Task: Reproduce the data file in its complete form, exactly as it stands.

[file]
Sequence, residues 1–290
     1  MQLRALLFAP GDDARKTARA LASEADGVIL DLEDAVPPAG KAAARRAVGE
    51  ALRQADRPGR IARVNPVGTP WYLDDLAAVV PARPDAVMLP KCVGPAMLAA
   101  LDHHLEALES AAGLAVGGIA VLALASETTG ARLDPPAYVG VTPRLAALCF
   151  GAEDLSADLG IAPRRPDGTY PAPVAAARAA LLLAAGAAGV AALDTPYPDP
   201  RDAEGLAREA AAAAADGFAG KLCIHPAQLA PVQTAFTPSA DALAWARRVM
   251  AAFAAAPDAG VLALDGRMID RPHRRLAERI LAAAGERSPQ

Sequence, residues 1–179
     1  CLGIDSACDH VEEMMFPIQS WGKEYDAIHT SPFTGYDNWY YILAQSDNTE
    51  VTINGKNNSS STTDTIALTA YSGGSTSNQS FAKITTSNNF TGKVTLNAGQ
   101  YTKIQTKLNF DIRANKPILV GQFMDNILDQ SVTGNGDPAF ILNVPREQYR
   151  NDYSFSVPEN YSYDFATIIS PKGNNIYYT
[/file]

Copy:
Sequence, residues 1–290
     1  MQLRALLFAP GDDARKTARA LASEADGVIL DLEDAVPPAG KAAARRAVGE
    51  ALRQADRPGR IARVNPVGTP WYLDDLAAVV PARPDAVMLP KCVGPAMLAA
   101  LDHHLEALES AAGLAVGGIA VLALASETTG ARLDPPAYVG VTPRLAALCF
   151  GAEDLSADLG IAPRRPDGTY PAPVAAARAA LLLAAGAAGV AALDTPYPDP
   201  RDAEGLAREA AAAAADGFAG KLCIHPAQLA PVQTAFTPSA DALAWARRVM
   251  AAFAAAPDAG VLALDGRMID RPHRRLAERI LAAAGERSPQ

Sequence, residues 1–179
     1  CLGIDSACDH VEEMMFPIQS WGKEYDAIHT SPFTGYDNWY YILAQSDNTE
    51  VTINGKNNSS STTDTIALTA YSGGSTSNQS FAKITTSNNF TGKVTLNAGQ
   101  YTKIQTKLNF DIRANKPILV GQFMDNILDQ SVTGNGDPAF ILNVPREQYR
   151  NDYSFSVPEN YSYDFATIIS PKGNNIYYT